By August 2022 the reconciliation was in full tilt. Normalization occurred and ambassadors were appointed. Defense Minister Benny Gantz visited Turkey in October. Israel’s President Isaac Herzog went to Turkey in March. In May Turkey’s foreign minister had come to Israel. Israel’s Prime Minister Yair Lapid met with Erdogan in September. 

Erdogan also met US Jewish groups in September. This was a big shift from 2018 and 2019 when Turkey’s leader had compared Israel to Nazi Germany. Israeli and Jewish leaders never demanded Ankara apologize for comparing Israel to the Nazis before normalizing ties. Instead, the message was Ankara can host Hamas terrorists and compare Israel to Nazis and it will still have friends in Jerusalem.  

The results of not making Ankara change its policies has resulted in Israel rushing back to “reconcile” before Netanyahu takes office, while Ankara continues to bash Israel. Turkey’s President falsely claimed that Portuguese soccer star Cristiano Ronaldo suffered a “political ban” at the World Cup because he supports Palestinians.  

For some in Israel, the reconciliation is good because they view Turkey as a strong country that was a historic partner. Turkey is a member of NATO, even though currently it is working to block Sweden from joining NATO and threatening NATO-member Greece. Ankara has also hinted that it shares Israel’s concerns about Iran’s role in Syria and Iraq. However, Turkey also trades with Iran and does deals with Russia and Iran.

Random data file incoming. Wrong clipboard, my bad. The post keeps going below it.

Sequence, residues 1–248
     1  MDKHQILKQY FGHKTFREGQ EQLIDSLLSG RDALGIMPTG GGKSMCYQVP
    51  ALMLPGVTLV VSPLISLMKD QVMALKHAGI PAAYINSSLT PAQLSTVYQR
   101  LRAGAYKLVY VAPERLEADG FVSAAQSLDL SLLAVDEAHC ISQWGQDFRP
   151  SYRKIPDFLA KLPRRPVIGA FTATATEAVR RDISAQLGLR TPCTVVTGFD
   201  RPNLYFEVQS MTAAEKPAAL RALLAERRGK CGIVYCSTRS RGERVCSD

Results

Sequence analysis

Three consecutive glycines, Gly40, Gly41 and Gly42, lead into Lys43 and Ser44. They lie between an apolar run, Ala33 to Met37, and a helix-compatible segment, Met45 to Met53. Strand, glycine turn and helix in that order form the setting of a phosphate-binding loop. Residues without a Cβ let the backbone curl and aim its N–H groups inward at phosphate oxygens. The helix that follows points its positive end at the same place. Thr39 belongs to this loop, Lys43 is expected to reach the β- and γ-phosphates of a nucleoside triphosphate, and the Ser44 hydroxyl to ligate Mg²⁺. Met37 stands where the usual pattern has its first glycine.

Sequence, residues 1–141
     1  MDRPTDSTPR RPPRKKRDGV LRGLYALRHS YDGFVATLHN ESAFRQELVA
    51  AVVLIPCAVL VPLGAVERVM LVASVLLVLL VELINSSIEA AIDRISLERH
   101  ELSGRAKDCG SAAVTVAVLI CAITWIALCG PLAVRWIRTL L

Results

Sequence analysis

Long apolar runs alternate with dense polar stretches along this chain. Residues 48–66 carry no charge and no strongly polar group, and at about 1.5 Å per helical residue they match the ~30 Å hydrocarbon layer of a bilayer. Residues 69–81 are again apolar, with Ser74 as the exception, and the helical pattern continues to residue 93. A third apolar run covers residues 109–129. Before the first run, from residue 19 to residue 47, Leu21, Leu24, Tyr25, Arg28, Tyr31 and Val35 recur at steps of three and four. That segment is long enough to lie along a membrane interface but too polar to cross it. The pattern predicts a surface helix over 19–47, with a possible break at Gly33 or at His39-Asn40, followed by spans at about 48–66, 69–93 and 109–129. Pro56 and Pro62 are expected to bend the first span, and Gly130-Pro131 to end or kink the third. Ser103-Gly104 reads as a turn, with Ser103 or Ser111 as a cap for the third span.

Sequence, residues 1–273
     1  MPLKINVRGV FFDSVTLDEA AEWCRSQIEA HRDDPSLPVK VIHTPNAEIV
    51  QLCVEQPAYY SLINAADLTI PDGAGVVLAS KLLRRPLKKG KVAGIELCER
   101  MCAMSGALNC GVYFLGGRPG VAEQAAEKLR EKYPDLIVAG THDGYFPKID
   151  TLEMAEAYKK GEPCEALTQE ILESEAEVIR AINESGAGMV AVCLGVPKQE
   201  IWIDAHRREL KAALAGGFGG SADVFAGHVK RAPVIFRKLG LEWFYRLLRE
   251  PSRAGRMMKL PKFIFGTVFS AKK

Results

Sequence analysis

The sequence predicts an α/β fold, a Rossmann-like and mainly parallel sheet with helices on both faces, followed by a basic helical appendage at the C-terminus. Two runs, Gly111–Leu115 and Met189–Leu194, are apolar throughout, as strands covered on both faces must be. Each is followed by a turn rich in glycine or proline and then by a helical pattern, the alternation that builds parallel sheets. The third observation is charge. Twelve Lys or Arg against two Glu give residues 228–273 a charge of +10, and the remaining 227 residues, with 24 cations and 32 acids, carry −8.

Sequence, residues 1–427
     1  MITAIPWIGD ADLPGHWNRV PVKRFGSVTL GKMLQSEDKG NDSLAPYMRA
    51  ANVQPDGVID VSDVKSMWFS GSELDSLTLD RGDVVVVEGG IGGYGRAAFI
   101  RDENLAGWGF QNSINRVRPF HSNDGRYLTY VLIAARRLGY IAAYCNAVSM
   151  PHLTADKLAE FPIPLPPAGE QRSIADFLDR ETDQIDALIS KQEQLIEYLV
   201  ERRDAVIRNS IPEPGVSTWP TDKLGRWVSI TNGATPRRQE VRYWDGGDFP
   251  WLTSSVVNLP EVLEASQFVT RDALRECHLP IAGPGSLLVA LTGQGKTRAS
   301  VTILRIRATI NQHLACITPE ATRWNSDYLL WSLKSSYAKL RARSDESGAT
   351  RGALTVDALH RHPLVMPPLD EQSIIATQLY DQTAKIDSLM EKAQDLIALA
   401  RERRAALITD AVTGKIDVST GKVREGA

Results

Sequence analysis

Nevertheless, for some policy analysts, Turkey is very important and it’s preferable to have it having ties with Israel, as opposed to working against Israel. In this view, Israel and Turkey can work on some issues together and “compartmentalize” relations. Ankara will host Hamas, but Ankara and Israel can also do trade deals. There are questions about whether the outgoing government didn’t do enough in terms of ties with Greece, in order to get renewed ties with Turkey.  

At the end of the day, the preconceptions about the relationship still underpin its problems. Ankara’s leadership doesn’t see Israel as an equal. They believe Israel needs Turkey which is why they felt no problems comparing Israel to the Nazis. They don’t compare Iran to Nazi Germany, because they respect Iran. They don’t host anti-Iran groups the way they host Hamas. This shows that Ankara’s real friends are in Tehran and Moscow and other countries it respects.